Canada's largest bank has downgraded its outlook for the housing market, and now forecasts a historic correction, worse than any national decline seen in this country in the past 40 years.
Inflation has put the Bank of CanadaBank of Canada on a course of aggressive hikes that will take its policy rate to restrictive levels by the fall, according to RBC assistant chief economist Robert Hogue, who wrote in a report released Friday.
He said that this will send more buyers to the sidelines, especially in British Columbia and Ontario, where affordability is extremely stretched.
RBC believes home sales will fall nearly 23% this year and 15% next year, and national benchmark prices will drop more than 12% from peak to trough by the second quarter of 2023.
Hogue said that the 42% drop in home sales from the peak in early 2021 will surpass the declines seen in the past four national downturns. In 1981 -- 82 and again in 1989 -- 1990 sales fell 33%, in 2008 -- 09 sales fell 38% and 20% in 2016 -- 2018.
He said that the 12% decline in prices by early 2023 will be the steepest correction in the past five housing downturns.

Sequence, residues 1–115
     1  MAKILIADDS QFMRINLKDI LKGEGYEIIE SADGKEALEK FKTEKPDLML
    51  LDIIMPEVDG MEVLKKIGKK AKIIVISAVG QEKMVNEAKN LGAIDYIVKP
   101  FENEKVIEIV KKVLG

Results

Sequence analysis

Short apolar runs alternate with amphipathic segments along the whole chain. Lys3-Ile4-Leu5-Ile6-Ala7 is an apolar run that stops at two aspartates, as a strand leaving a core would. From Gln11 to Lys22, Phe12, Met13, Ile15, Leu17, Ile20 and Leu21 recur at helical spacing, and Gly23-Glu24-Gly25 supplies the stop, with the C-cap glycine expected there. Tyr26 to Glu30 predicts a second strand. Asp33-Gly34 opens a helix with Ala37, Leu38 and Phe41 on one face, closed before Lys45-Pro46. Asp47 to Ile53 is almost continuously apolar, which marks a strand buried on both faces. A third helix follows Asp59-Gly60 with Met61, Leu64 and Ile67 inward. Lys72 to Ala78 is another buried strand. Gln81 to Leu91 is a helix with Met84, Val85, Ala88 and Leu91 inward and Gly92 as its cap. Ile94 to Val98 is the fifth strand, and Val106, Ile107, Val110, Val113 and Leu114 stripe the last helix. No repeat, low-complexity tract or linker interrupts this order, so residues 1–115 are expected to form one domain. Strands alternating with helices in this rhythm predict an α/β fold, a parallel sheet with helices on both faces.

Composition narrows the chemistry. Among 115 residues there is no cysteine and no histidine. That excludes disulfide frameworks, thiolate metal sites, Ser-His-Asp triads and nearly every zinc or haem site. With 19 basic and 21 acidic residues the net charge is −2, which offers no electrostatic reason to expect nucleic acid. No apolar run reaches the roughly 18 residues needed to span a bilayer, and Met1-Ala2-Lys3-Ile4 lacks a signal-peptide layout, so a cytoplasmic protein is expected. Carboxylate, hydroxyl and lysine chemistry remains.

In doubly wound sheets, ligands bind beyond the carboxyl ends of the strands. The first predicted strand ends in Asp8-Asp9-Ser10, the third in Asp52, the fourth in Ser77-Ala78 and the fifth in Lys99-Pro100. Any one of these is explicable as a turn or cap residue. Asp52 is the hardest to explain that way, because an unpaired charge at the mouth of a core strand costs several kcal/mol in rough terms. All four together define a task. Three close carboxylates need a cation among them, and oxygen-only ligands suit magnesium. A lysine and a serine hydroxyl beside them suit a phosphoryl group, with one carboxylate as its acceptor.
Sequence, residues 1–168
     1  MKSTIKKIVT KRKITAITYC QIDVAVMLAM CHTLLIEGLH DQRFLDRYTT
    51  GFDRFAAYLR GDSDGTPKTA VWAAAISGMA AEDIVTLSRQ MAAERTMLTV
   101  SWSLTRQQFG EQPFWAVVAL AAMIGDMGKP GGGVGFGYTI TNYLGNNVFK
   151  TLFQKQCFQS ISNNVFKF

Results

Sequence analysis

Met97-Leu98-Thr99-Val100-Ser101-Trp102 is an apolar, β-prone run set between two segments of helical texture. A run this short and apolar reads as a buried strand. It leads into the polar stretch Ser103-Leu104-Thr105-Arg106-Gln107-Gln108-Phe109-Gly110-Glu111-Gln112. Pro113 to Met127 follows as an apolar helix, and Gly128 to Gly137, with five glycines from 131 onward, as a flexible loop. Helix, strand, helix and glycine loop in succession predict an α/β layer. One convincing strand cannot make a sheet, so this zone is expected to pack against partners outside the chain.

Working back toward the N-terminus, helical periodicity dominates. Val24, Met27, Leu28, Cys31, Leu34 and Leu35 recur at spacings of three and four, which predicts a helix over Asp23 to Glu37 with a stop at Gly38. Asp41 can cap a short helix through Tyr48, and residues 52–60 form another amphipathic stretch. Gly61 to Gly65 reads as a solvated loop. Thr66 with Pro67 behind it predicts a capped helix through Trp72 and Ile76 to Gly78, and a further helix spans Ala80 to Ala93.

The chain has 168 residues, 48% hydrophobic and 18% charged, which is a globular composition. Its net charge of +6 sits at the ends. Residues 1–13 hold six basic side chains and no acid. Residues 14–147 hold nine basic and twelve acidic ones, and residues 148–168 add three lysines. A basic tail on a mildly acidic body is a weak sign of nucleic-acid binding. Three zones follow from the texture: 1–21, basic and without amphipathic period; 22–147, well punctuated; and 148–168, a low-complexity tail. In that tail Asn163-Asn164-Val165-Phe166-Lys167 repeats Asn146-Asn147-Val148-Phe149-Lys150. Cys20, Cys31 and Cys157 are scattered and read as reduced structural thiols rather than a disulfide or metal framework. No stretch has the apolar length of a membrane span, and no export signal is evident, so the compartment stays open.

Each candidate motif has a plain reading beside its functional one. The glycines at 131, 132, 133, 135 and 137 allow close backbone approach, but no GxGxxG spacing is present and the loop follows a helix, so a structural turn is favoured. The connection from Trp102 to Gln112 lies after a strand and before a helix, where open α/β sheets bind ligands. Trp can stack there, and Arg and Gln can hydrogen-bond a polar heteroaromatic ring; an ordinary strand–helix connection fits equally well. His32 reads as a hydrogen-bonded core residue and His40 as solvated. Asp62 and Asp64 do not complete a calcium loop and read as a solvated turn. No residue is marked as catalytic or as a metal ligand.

The housing correction began when the Bank started to hike rates in March but the 100 basis point-rise on July 13 - an increase that brought variable rates within sight of fixed rates - will speed the cooling, Hogue said.
RBC expects the Bank's policy rate to reach 3.25% by October - a big bite for borrowers to swallow that will spoil or delay homeownership plans for many buyers. Hogue believes that the correction will be the epicentre of the correction. In British Columbia and Ontario, home sales fell by 45% and 38% in 2022 and 2023, and prices fell more than 14% from the quarterly peak to trough. Ontario saw a decline in the early 1990s when sales fell 41% and prices 15%, but it is not as bad as what happened in B.C. The sales fell 62% and prices 27% in the early 1980s, said Hogue.
More affordable areas of the country should be able to fare better. Sales are expected to fall more than 20% from record levels in every other province than Ontario and B.C. RBC expects to fall less than 3% in Alberta and Saskatchewan and between 5% and 8% in most of the other provinces by the first half of 2023.
In Quebec, RBC sees home sales fall 16.8% by the end of 2022 and down 6.1% in 2023. Prices are expected to end higher than the year before, but will decline 5.1% in 2023.
While RBC economists are expecting a historic correction, they don't see a collapse in the housing market.
They argue that this downturn should be seen as a welcome cooldown after the two-year buying frenzy that put homeownership out of reach for many Canadians.
RBC expects the correction to come in the first half of 2023, though a steeper and longer downturn can't be ruled out.
The market should not be in a death spiral because of solid demographic fundamentals including soaring immigration and a low likelihood of overbuilding, according to Hogue.